In 1969, news of the My Lai massacre hit the American press and gave the already-queasy stateside citizenry a shock to the system. Nothing in that tumultuous era evoked so terrifyingly the feeling that a line had been crossed, from hopeful civilization to horrific monstrosity.
There was fallout of all varieties, but one of the most remarkable results was eventus non grata then and remained so for decades: the January, 1971 “Winter Soldier Investigations,” held in a Detroit Howard Johnson conference room. (The title is a reply to Thomas Paine’s “times that try men’s souls,” when “the summer soldier and the sunshine patriot will, in this crisis, shrink from the service of their country; but he that stands now, deserves the love and thanks of man and woman.”) Organized by several antiwar organizations, the event was simple: More than 100 returned Vietnam veterans spoke in public, and for the media, about atrocities they’d witnessed and performed upon the peasant population of Southeast Asia. True to its leash, the media didn’t report on it, but a document was created nonetheless, a documentary made by an anonymous collective of 18 filmmakers. Winter Soldier was left undistributed, and shunned by the networks (although PBS reportedly broadcast it once late at night as a replacement program). While the war still raged, it only appeared in 1972 at the Whitney Museum in New York or at sporadic campus screenings. Then it vanished.
Now, Milestone Films, under its new offshoot Milliarium Zero, has disinterred this galvanizing broadsword. In what is effectively its first release, the film will play in more than 100 cities this year, and then get locked in DVD amber for the world to see. It is a simple, grainy, talking-heads documentary, but it is violently upsetting and required viewing.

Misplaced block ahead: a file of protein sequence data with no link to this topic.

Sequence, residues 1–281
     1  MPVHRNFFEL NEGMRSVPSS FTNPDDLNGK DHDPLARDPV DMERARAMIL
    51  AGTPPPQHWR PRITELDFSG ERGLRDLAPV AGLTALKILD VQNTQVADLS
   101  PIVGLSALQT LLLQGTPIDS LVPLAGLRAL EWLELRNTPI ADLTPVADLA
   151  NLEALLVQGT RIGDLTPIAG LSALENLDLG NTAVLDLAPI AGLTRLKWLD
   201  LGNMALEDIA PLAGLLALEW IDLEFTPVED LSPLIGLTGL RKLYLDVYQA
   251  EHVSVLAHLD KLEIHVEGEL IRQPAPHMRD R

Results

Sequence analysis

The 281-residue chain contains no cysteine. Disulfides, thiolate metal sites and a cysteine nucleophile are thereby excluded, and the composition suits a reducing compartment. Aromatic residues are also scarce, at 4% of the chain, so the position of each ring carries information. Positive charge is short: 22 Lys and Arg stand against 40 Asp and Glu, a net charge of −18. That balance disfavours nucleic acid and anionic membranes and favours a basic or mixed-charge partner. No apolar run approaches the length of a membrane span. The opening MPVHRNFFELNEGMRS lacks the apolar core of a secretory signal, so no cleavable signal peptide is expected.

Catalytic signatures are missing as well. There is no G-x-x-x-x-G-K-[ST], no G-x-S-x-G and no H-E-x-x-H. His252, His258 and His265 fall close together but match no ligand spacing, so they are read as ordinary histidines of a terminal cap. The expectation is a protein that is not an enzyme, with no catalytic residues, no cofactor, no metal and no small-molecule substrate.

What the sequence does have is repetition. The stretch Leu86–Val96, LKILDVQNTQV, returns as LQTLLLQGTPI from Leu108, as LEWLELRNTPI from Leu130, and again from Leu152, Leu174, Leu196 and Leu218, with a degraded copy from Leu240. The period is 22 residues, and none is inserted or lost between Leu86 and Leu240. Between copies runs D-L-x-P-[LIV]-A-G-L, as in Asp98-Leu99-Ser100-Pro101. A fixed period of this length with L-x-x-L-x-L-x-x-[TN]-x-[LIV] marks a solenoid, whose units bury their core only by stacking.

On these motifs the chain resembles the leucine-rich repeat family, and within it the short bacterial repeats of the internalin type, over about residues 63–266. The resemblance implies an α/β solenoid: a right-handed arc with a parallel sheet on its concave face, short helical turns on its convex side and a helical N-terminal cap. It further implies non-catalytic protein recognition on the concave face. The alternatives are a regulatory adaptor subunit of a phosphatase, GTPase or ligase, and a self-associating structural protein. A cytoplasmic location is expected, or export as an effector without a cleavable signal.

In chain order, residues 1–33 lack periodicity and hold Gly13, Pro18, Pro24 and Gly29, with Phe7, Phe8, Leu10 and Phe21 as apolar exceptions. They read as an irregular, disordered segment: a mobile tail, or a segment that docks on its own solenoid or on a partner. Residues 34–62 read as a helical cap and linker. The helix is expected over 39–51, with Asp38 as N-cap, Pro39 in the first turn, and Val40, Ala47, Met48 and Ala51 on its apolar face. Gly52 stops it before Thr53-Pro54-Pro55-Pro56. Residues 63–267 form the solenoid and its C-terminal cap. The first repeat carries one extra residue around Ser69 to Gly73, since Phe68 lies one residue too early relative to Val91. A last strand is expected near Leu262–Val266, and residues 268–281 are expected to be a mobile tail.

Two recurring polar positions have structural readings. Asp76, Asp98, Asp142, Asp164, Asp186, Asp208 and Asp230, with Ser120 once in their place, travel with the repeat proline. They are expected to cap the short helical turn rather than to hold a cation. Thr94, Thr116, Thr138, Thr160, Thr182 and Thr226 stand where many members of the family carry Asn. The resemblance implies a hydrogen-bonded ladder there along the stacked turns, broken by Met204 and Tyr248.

Vietnam homefront experience has come to be defined as the “living-room war,” suggesting that we saw it all on our televisions, and that public exposure was part of the propulsion that caused the U.S. government to finally cease aggressions. But the testimony in Winter Soldier makes it clear that we actually saw very little – My Lai was no aberration, but a paradigm of U.S. activity, and what was de rigueur on the ground was largely kept from reporters’ cameras.
The film’s relentless first-person-witness assault echoes Claude Lanzmann’s Shoah, demonstrating that being told can be more lacerating than being shown. We experience not only the atrocities but the shock felt by the witnesses and the emotional venom still necrotizing their lives. No fiction film about Vietnam has ever come close to this movie’s portrayal of American guilt and trauma. The chillingly calm speakers recount incidents that have made many walk out of the theater in a sickened swoon. But while we may weep for the broken heart of an American generation, the real remorse here is for the victims: Asian farmers mutilated and slaughtered as a kind of imperial bloodsport – tossed out of helicopters on a bet, disemboweled alive, thrown down wells with grenades, men, women and children, by the thousands.
One movie can only have so much impact, but it’s tempting to imagine that if Winter Soldier had been properly screened in 1972, the war might’ve ended sooner, or, at least, Americans would know something they still apparently don’t about the conflict, its costs, and the nature of their leadership. (A major at the time, Colin Powell came late to My Lai, officially excusing it and maintaining that American-Vietnamese relations were “excellent.”) Most of all, they might’ve learned something about murder and butchery – that even when it happens to Asians far away, we’re ultimately responsible for the bodies and rivers of blood.
Winter Soldier might’ve been the most important film of the Johnson-Nixon era, and yet it was effectively censored. Its release, 33 years too late, is also a few years overdue this decade. If only Milestone had dropped this payload on us in 2002, as the war machine was oiling up. Now, it’s a film for the future – in an ideal and informed democracy, a Winter Soldier screening would be a voter registration requirement.
In this new book, longtime organizers and movement educators Mariame Kaba and Kelly Hayes examine the political lessons of the Covid-19 pandemic and its aftermath, including the convergence of mass protest and mass formations of mutual aid. Let This Radicalize You answers the urgent question: What fuels and sustains activism and organizing when it feels like our worlds are collapsing?
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